A Newly Constructed Movie of Earthrise From the Apollo 11 Orbiter

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I love NASA nerds. They tirelessly mine our nation's space history looking for forgotten stories, adding to databases, correcting metadata. And sometimes, they encounter a string of images from a flight that was 43 years ago and reconstruct them into a beautiful new movie.

Leonard Richardson stumbled across a series of shots that Michael Collins (The Other Guy on the Apollo 11 mission) took at decently regular intervals. Richardson realized he could transform the images -- which are archived at a spectacular old-school NASA History site -- into a short movie. The GIF you see at the right is the most dramatic moment from this resurrection of the footage.

Also, fascinatingly, someone else posted a (less well-made) version of the same series of images a month ago, which Richardson stumbled upon while working on his own movie. Enjoy these convergent nerd outs! 

Via @robdubbin

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Alexis C. Madrigal

Alexis Madrigal is a senior editor at The Atlantic, where he oversees the Technology Channel. He's the author of Powering the Dream: The History and Promise of Green Technology. More

The New York Observer calls Madrigal "for all intents and purposes, the perfect modern reporter." He co-founded Longshot magazine, a high-speed media experiment that garnered attention from The New York Times, The Wall Street Journal, and the BBC. While at Wired.com, he built Wired Science into one of the most popular blogs in the world. The site was nominated for best magazine blog by the MPA and best science Web site in the 2009 Webby Awards. He also co-founded Haiti ReWired, a groundbreaking community dedicated to the discussion of technology, infrastructure, and the future of Haiti.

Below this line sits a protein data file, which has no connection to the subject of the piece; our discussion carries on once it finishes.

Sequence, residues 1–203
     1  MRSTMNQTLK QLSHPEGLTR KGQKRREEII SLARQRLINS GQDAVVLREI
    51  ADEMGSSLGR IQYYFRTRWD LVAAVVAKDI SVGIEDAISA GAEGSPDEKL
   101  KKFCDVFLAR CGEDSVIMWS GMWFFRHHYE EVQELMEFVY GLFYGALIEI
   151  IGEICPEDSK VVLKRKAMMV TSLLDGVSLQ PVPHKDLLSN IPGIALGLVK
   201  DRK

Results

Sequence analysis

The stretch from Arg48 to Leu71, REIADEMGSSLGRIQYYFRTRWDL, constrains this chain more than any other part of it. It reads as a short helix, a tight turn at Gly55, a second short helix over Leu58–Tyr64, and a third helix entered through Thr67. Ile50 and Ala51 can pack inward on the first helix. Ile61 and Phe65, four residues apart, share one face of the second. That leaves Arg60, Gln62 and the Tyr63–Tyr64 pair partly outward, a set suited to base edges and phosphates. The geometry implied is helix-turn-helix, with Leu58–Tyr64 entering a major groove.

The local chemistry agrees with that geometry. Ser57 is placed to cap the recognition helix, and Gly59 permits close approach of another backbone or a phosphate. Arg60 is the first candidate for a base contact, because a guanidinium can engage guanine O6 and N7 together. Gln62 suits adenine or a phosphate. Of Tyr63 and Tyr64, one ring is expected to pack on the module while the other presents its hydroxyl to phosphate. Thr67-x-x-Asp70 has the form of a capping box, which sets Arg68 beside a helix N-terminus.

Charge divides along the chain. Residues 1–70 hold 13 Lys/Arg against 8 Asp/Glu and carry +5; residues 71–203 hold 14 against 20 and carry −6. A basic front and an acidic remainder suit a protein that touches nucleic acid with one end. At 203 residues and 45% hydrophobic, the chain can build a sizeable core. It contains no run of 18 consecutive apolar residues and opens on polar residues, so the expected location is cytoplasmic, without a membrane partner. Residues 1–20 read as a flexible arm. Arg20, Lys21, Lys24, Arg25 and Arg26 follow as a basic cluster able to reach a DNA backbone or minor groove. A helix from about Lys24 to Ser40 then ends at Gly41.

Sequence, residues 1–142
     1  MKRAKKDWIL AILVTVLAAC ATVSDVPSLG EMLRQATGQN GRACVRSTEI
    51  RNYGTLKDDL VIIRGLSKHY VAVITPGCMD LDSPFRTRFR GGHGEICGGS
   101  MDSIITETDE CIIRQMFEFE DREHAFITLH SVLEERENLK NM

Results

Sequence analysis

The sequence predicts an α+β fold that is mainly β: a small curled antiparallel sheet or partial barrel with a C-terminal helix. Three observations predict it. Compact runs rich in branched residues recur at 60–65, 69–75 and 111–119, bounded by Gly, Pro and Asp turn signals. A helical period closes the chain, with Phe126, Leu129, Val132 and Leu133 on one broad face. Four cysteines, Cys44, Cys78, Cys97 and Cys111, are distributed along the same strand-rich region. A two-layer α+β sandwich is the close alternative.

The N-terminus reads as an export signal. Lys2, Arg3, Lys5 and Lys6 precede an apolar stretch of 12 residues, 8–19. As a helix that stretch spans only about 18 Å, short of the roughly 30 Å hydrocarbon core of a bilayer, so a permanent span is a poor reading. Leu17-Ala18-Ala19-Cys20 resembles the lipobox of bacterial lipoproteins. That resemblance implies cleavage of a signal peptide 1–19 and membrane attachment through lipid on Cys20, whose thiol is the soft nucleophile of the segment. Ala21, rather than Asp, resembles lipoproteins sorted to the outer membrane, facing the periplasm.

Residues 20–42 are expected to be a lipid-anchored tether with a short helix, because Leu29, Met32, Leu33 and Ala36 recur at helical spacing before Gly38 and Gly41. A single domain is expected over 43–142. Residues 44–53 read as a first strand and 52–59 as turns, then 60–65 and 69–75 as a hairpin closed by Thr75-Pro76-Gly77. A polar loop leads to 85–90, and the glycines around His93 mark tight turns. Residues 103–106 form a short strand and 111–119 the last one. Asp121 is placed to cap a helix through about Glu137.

He's spoken at Stanford, CalTech, Berkeley, SXSW, E3, and the National Renewable Energy Laboratory, and his writing was anthologized in Best Technology Writing 2010 (Yale University Press).

Madrigal is a visiting scholar at the University of California at Berkeley's Office for the History of Science and Technology. Born in Mexico City, he grew up in the exurbs north of Portland, Oregon, and now lives in Oakland.

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